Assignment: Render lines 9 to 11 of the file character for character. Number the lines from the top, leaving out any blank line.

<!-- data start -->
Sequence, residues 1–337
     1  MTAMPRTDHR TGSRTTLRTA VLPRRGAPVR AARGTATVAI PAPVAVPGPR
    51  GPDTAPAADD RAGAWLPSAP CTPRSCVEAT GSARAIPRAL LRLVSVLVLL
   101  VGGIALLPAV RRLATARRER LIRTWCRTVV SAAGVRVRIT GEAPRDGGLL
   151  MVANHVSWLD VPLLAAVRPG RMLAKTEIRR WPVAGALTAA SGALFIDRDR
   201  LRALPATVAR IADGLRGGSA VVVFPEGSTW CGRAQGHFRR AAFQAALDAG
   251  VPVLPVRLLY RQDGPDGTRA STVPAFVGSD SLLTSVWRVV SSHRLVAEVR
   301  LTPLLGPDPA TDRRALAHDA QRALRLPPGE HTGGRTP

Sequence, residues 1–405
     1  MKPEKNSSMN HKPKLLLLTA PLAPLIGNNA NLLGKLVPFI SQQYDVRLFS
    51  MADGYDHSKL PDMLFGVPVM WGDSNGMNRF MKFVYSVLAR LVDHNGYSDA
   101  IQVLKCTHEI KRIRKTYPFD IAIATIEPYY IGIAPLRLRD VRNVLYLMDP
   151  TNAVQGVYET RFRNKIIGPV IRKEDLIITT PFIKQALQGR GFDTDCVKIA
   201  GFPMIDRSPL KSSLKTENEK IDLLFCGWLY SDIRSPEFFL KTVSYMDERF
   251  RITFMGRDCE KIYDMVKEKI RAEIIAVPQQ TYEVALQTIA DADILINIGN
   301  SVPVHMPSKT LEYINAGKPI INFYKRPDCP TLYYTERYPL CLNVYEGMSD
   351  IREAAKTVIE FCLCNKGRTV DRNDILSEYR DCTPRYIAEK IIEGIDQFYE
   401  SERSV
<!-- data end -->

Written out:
Sequence, residues 1–405
     1  MKPEKNSSMN HKPKLLLLTA PLAPLIGNNA NLLGKLVPFI SQQYDVRLFS
    51  MADGYDHSKL PDMLFGVPVM WGDSNGMNRF MKFVYSVLAR LVDHNGYSDA